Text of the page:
Tom Senior: Getting the Guild back together again
The announcement of Guild Wars 2's first expansion was all I needed to reinstall it this week. It's been so long that I barely remember what my pint-sized Asuran necromancer is for. He likes to give himself diseases and debuff conditions, and then eat them to restore health. He can also turn into a black smoke spirit and destroy nearby foes by sucking hundreds of green globs out of them. Sometimes when I press the wrong button he summons a mechanical golem from orbit.
It's a great MMO that I'd probably never have returned to if there was a subs fee involved. Big new level 80 zones have been added in my year-or-more hiatus, which Arenanet have used to perfect their signature dynamic zone events. These do a great job of pulling dozens of players into spectacular boss fights as you're just wandering about. I thought I'd roll an alt ahead of the arrival of Heart of Thorns and discovered that the game gives you loads of experience bonuses to help you level new characters at exhilarating speed. It's a pleasure bombing through GW2's gorgeous zones again, completing regional objectives, unlocking chests and learning new skills constantly. Guild Wars 2 is a rare gem—an MMO that never wastes your time. Bring on the expansion.
Andy Kelly: Romero plays Doom
If you’re not a subscriber to Double Fine’s YouTube channel, you really should be. They’re doing a great series of ‘let’s plays’ in which developers play through, and comment on, games close to their hearts. My favourite of the bunch is JP LeBreton playing through the original Doom, because he’s joined by none other than John God Damn Romero.
Watching Romero play Doom is entertaining enough, but as he blasts through the game on ultra-violence (of course he plays on ultra-violence), he reveals some genuinely brilliant stories about its creation and the design philosophy behind it. Doom is seen by most as a pretty dumb, simplistic shooter, but those levels are complex masterpieces of design.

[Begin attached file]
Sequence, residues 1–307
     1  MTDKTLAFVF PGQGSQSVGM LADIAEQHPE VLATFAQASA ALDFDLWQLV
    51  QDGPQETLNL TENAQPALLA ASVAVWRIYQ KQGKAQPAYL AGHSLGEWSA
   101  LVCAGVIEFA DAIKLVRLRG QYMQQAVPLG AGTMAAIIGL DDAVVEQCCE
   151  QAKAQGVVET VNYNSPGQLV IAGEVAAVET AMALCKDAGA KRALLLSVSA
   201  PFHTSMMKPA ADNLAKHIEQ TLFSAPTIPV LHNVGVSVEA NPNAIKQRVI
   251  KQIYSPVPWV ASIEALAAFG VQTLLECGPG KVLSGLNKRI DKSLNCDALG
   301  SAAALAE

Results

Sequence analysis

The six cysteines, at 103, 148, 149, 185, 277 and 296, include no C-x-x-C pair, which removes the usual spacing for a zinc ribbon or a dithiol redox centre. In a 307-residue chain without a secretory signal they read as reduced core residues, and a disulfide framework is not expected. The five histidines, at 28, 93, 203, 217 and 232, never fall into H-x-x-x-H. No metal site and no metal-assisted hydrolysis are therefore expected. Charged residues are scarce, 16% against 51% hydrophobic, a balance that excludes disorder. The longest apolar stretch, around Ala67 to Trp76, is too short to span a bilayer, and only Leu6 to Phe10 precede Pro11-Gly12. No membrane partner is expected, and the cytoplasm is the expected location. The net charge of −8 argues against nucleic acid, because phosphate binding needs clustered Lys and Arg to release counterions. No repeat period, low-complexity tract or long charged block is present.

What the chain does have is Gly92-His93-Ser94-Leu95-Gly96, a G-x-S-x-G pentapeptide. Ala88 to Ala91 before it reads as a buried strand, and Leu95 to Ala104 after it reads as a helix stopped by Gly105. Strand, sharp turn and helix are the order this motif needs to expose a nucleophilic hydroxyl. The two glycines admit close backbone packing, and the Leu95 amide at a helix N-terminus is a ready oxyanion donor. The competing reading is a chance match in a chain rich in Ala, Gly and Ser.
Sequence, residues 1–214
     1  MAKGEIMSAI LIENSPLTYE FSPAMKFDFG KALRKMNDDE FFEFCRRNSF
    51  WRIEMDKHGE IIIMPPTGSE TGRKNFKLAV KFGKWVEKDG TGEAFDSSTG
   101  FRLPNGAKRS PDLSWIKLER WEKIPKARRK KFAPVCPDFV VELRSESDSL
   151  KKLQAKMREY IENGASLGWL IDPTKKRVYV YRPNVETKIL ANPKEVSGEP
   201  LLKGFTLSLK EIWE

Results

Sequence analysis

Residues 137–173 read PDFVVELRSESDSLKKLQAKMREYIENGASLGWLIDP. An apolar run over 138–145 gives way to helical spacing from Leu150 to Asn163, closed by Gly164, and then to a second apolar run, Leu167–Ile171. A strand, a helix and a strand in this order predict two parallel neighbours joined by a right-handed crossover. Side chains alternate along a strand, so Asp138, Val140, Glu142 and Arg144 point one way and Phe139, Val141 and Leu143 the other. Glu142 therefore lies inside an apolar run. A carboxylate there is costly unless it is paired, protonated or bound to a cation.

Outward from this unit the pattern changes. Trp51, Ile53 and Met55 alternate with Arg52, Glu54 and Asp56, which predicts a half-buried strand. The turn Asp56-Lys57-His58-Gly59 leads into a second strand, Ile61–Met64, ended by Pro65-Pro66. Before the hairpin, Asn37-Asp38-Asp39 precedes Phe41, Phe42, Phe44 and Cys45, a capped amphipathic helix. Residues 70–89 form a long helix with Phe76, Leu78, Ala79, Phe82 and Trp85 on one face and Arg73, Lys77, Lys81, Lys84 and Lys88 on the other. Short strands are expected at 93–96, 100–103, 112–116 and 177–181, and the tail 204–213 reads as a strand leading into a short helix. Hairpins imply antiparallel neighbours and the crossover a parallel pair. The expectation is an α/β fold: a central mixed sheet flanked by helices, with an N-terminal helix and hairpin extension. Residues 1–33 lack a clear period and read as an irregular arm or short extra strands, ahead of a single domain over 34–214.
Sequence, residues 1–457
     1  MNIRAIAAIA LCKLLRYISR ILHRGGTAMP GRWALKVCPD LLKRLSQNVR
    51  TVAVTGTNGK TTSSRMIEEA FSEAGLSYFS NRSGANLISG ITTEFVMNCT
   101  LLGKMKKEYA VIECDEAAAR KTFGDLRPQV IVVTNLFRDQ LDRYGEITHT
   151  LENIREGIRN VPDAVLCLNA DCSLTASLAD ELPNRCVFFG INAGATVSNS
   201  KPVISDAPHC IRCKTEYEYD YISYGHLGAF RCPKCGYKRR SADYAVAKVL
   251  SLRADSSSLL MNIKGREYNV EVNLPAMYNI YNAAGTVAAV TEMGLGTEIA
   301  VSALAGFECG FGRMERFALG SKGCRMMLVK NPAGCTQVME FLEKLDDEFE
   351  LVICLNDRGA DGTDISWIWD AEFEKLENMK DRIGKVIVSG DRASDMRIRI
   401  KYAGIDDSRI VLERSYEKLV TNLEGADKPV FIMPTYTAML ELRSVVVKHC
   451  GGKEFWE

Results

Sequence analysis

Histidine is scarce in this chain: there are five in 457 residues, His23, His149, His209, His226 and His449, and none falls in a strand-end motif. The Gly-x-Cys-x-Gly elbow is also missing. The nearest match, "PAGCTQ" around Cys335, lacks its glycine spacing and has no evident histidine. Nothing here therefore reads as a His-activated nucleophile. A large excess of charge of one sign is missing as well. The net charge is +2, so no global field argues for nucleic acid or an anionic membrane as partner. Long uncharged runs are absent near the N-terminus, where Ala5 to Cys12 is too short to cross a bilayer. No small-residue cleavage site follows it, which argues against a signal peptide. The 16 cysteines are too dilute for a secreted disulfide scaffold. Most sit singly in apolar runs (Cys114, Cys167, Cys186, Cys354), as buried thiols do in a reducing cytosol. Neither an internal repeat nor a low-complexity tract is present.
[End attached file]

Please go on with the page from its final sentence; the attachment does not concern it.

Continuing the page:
Compare any secret-filled Doom level to a Call of Duty set-piece roller coaster and it’s like FPS design has gone backwards. Anyway, check the video out below. Romero seems like a stand-up guy and it’s a real pleasure to share the history of the seminal shooter with him. Hey, I think it’s time to play Doom again...
Tyler Wilde: Instagibbing
I used to love Quake 2 railgun battles, and after work sessions of UT2K4 Instagib were, for a time, practically mandatory for PC Gamer employees. I love instagib, which has become the general term for arena shooters with one-shot-kill hitscan weapons. I love the dance you do when dueling one on one, and I love the big, full deathmatches where you can burst into a room and awe yourself with five kills in a row, having no idea where the hell in your lizard brain those reflexes came from.
And now that’s been purified: Ratz Instagib 2.0 recently appeared on Steam Early Access, and I’m hooked. I used to play it a bit when it was a web game, but there just weren’t enough players to reliably find a match. Now I can get into a game at just about any time, and it’s been a challenge not to make that all the time. Ratz strips everything unnecessary out of instagib, and evens the playing field with total customization. All player models look the same and have the same (ridiculously tiny) hitbox, and if I want enemies to be red and the level totally desaturated, I can do that (helpful as someone with a slight color vision deficiency). If I don’t want to see the weapon model, I can turn it off. Part of the fun has been experimenting with all the settings (mouse sensitivity at 1.5 or 1.6?) to find my optimal competitive edge.